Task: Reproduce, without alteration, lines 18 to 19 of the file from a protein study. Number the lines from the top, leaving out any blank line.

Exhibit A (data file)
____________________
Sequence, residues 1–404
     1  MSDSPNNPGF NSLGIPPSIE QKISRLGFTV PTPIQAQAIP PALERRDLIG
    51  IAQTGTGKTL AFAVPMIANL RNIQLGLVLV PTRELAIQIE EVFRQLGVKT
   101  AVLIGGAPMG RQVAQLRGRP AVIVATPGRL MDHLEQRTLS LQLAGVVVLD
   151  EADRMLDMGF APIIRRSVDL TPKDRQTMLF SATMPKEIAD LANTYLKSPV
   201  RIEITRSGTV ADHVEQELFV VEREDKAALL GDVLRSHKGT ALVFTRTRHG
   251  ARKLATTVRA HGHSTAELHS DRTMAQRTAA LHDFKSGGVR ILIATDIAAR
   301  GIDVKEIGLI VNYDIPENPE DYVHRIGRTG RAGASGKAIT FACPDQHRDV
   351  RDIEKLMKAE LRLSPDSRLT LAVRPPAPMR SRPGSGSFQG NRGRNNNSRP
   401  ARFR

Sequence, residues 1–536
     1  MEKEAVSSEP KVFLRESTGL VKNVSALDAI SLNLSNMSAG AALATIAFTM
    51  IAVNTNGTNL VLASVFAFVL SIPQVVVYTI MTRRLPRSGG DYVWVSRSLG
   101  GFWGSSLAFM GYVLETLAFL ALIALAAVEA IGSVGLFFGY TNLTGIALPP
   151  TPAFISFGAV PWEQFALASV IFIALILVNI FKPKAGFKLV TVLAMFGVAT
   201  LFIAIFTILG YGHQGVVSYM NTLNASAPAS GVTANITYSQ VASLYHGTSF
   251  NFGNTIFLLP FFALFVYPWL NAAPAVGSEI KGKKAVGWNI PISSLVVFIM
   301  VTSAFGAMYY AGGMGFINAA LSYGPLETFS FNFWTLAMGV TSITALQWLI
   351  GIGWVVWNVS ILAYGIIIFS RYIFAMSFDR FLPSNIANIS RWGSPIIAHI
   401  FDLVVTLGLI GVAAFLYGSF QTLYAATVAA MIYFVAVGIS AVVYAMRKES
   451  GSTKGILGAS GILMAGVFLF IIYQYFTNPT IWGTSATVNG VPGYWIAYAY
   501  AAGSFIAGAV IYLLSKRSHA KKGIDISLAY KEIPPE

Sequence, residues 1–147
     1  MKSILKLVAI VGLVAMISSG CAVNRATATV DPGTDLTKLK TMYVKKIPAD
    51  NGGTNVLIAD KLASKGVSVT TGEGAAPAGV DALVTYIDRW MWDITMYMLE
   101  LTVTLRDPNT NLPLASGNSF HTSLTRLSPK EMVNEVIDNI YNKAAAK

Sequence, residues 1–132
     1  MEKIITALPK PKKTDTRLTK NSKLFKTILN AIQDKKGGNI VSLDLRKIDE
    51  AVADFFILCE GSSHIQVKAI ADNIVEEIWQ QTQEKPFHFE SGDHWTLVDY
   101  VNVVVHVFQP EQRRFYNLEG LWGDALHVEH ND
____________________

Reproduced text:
   301  VTSAFGAMYY AGGMGFINAA LSYGPLETFS FNFWTLAMGV TSITALQWLI
   351  GIGWVVWNVS ILAYGIIIFS RYIFAMSFDR FLPSNIANIS RWGSPIIAHI